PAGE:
People tell me over and over they couldn't do what I did. I'll let you in on a little secret,
There are people all over the World doing exactly what I did right this minute. Millions of them.
Here is something I know for certain.
The typical Alzheimer's caregiver is searching for "tools". The tools they are looking for will help them to accomplish their own mission. What is the mission they are on?
They want to bring to the person living with Alzheimer's the highest quality of life possible.
When they come here, to the ARR, I do my best to hand them the "key". The key to what? The key that opens the door to Alzheimer's World.
By the way, the entrance to Alzheimer's World is only one big step to the left. In Alzheimer's World all the behaviors that can drive you crazy become the normal. They become the expected.
Once you accept this new normal the amount of stress, anxiety, and frustration you are facing everyday begins to melt away. You have to make to Alzheimer's World.
Once you make it to AW you then have to start giving yourself some credit for what you are accomplishing.
Ever had a person say - I don't know how you do it? That is a compliment. Of course, if you are anything like me you might yourself thinking - if you know it is so difficult how come you are not helping me. Sadly lack of help often comes with this territory.
Via the ARR, I managed to plug into the positive spirit of Alzheimer's caregivers all over the world. I think we plug into each other. This is why I can say, without doubt
I have a life that is now rich in spirit.
Come on now. Give yourself some credit.
You are accomplishing more each day that most people could ever imagine.
You are caring for someone who is so fragile that they need 24 hours a day.
You are their lifeline.
You are their connection to the World.
Where would they be without you?
And the best part of it all - You are the ONE.
I suggest you read the following articles and check out the custom searches when you have the time. Give yourself a hug. Smile. You might be punching your ticket to Heaven right now. One thing is certain - you are earning the respect of everyone around you. Of this I am certain.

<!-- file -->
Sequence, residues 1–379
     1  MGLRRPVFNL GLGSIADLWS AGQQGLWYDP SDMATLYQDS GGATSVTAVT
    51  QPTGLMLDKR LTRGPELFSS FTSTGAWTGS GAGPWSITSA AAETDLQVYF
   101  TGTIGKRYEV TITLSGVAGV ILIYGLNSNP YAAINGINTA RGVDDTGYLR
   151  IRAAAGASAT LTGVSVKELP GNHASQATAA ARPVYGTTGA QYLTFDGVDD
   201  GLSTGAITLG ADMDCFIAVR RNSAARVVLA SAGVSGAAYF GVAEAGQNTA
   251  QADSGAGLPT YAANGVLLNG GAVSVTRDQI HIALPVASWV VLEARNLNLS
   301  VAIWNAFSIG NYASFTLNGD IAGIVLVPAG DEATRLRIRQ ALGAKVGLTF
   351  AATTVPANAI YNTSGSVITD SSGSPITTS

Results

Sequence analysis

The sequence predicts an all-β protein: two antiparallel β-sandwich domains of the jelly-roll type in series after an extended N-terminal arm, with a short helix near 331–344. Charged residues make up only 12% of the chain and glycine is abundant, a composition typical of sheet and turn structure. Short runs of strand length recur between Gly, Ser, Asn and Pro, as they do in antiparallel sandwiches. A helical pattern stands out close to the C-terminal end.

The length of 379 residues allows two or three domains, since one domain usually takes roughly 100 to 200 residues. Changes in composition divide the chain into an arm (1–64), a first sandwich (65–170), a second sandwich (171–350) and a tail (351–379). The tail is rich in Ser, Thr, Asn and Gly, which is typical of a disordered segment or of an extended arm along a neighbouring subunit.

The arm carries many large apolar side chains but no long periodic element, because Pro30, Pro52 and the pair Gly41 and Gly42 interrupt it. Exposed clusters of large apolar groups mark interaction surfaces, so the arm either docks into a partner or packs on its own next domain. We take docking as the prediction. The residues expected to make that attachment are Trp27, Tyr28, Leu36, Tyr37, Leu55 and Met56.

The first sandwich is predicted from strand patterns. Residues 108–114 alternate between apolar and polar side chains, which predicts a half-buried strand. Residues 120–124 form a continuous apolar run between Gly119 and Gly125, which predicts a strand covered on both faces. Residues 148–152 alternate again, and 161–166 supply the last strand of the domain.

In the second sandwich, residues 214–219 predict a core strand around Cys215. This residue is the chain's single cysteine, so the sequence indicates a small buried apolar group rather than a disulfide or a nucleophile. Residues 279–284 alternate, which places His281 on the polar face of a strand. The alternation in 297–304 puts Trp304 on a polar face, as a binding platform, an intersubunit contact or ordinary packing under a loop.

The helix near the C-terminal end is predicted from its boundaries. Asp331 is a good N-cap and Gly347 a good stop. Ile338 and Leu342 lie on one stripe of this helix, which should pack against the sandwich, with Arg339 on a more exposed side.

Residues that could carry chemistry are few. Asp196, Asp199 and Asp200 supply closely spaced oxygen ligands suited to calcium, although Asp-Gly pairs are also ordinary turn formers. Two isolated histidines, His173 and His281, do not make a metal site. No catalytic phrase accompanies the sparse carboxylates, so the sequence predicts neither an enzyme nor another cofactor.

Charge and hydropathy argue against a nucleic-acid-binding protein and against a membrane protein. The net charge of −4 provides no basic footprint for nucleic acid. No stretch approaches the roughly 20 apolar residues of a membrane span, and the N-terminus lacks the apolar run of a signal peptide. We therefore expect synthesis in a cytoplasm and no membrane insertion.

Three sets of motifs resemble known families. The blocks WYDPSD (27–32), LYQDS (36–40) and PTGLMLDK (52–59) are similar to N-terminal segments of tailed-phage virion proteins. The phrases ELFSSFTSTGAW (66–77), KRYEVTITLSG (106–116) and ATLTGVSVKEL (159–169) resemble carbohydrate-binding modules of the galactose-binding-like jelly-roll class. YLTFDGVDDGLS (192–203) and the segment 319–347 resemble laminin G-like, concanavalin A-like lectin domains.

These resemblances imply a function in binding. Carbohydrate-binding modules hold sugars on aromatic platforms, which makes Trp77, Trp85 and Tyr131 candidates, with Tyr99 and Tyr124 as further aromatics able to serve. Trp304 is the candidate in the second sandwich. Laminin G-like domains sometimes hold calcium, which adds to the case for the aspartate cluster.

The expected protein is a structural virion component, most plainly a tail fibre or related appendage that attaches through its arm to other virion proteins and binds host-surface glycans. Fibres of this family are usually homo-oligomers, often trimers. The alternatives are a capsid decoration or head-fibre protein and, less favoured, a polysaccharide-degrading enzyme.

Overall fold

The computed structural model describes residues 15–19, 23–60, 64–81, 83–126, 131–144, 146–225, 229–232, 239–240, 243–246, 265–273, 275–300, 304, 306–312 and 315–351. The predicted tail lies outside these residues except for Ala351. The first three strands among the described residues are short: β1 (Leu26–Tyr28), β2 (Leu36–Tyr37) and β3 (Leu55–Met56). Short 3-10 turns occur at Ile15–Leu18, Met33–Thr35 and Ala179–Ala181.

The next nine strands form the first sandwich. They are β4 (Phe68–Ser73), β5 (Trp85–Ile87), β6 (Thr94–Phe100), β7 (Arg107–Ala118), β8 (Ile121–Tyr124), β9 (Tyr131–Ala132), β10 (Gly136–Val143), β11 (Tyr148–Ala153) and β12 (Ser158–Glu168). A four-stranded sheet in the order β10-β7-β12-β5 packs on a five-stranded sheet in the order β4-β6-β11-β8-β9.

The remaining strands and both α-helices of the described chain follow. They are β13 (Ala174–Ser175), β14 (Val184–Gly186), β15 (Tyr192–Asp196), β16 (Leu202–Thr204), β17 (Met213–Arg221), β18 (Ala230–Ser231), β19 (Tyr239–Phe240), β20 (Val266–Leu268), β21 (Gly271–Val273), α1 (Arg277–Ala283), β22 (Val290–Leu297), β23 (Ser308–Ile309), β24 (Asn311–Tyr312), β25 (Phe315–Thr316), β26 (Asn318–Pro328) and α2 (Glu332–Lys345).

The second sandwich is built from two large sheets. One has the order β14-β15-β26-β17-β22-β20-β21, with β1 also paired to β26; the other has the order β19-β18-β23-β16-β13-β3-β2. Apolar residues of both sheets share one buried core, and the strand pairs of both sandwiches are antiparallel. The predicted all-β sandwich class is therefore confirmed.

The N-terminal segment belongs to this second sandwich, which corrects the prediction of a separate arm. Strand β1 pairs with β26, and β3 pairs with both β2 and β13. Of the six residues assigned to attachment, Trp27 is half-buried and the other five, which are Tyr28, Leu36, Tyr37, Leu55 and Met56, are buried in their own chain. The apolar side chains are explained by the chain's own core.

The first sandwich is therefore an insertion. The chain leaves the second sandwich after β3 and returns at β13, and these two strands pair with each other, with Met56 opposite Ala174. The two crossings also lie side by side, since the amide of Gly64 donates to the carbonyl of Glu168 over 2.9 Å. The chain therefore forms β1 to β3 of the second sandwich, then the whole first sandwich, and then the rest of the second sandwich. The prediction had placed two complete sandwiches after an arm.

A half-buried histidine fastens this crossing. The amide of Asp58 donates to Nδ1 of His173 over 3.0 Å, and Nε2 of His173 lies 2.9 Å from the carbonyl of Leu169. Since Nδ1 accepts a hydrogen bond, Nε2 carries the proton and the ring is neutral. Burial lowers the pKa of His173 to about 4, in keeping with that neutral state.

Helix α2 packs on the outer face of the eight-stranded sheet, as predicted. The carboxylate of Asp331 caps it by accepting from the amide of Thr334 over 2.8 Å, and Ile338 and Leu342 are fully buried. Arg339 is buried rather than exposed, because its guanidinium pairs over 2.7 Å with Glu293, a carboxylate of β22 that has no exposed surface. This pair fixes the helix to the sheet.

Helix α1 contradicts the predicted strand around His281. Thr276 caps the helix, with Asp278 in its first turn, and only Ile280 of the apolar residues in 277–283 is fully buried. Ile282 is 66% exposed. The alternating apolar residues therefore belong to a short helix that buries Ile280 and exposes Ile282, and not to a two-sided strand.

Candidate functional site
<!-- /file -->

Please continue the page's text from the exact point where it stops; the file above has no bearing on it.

The Effect of Emotional Super Glue in Alzheimer's Care
13 Things Every Alzheimer's Caregiver Needs to Know
What is the Difference Between Alzheimer’s and Dementia
Test Your Memory for Alzheimer's (5 Best Tests)
6 reasons why you might have to put someone with dementia in a memory care facility or nursing home
Is Alzheimer's World an Irrational Place?
Bob DeMarco is the Founder of the Alzheimer's Reading Room (ARR). Bob is a recognized expert, writer, speaker, and influencer in the Alzheimer's and Dementia Community worldwide.
The Alzheimer's Reading Room contains more than 5,000 articles and has been published daily since July, 2009.
You are reading original content the Alzheimer's Reading Room
*** Empathy the ability to understand and share the feelings of another.
*** Compassion a feeling of deep sympathy and sorrow for another who is stricken by misfortune, accompanied by a strong desire to alleviate their suffering.
*** Purpose the reason for which something is done or for which something exists. Having as one's intention or objective.
*** Happiness is a mental or emotional state of well being defined by positive emotions ranging from contentment to joy. Happy mental states also reflect judgement by a person about their overall well being.
*** Cope. To face and deal with responsibilities, problems, or difficulties in an effective and calm manner or way. Coping requires us to make our own conscious effort to solve personal and interpersonal problems. This allows us to minimize stress, reduce conflict, and to better understand our situation.